Antioxidants, found in many healthier foods, protect your cells from damage.

The American Academy of Family Physicians suggests eating these antioxidant-rich foods:

  • Eggs, milk, butter and liver, which are sources of vitamin A.
  • Colorful fruits and vegetables, which contain vitamin C. Good sources include citrus fruits, strawberries, papaya, broccoli, cauliflower, kale and Brussels sprouts.
  • Nuts (especially almonds and pecans), seeds (especially sunflower), nut oils, kale and spinach, which are good sources of vitamin E.
  • Peas, carrots, apricots, peaches, sweet potatoes, beet greens and kale, which are sources of beta-carotene.
  • Leafy green vegetables, such as spinach and kale, as well as papaya, corn, peas and oranges, which are good sources of lutein.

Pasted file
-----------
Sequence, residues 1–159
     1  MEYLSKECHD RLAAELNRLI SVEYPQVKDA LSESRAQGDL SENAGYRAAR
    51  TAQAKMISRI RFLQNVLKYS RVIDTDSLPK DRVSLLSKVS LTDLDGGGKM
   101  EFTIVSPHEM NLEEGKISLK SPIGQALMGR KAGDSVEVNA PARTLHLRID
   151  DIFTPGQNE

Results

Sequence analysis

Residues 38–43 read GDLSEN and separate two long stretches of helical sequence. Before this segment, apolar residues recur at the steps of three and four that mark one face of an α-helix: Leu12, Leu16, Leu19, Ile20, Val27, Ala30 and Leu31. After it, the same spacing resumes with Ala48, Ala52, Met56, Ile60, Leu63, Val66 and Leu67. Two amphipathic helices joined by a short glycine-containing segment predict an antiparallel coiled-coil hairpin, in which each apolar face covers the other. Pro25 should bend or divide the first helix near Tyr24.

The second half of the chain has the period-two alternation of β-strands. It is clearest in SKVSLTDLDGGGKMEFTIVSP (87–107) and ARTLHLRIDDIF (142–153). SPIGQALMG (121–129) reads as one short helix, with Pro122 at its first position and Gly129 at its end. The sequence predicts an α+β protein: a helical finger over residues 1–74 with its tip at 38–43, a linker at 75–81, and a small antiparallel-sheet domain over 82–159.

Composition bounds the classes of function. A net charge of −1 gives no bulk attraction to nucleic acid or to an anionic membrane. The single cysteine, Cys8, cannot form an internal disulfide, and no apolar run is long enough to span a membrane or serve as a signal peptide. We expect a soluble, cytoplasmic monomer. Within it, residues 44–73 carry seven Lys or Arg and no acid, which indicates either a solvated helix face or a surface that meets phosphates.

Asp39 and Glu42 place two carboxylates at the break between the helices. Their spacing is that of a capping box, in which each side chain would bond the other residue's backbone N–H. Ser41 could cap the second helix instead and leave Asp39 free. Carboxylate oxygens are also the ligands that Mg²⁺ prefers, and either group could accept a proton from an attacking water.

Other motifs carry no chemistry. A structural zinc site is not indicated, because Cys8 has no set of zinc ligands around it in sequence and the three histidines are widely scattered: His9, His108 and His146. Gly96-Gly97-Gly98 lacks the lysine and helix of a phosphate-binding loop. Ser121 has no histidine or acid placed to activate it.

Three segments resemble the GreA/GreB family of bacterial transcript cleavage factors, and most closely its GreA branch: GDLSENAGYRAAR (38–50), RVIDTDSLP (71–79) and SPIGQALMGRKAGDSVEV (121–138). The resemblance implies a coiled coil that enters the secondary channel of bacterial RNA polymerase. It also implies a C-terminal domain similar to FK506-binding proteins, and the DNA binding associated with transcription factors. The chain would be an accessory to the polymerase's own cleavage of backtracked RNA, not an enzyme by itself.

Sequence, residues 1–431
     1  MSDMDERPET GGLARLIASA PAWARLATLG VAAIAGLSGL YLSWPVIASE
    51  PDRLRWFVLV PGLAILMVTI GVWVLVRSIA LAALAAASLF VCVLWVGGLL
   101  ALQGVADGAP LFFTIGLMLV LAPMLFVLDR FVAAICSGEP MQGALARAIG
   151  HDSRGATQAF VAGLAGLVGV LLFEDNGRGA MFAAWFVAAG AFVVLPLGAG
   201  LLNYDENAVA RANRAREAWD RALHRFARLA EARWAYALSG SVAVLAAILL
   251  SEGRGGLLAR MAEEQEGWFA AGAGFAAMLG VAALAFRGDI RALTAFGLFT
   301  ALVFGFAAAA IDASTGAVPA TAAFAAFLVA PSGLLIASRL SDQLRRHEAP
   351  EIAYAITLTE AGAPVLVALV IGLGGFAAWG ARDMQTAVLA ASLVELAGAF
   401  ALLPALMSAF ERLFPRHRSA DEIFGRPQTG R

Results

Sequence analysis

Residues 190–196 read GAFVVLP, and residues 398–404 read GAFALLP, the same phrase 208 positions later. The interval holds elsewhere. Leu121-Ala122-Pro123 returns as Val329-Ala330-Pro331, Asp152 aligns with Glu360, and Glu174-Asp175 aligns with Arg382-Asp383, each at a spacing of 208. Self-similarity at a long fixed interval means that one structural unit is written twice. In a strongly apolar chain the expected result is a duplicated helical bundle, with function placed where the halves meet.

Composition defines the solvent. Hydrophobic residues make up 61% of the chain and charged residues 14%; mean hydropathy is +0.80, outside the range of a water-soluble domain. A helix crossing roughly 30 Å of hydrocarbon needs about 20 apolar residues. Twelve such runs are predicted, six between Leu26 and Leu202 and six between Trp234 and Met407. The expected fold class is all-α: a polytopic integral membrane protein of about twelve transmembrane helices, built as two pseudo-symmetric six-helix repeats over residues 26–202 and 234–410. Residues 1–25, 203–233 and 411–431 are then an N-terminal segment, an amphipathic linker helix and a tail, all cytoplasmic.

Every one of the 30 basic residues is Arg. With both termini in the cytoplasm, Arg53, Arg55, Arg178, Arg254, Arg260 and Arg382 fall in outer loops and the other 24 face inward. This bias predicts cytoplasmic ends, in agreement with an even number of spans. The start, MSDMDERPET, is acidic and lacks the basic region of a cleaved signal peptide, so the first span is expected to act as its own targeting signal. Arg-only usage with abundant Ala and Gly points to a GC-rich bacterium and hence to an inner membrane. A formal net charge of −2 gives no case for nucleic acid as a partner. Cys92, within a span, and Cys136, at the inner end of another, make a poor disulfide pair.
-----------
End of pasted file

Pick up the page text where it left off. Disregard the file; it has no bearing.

• Pink and red fruits and veggies, such as watermelon, tomatoes, pink grapefruit and apricots, which contain plenty of lycopene.
  • Fortified cereals, bread, pasta, legumes, meat, fish, poultry, eggs and cheese, which are good sources of selenium.

Source: HealthDay

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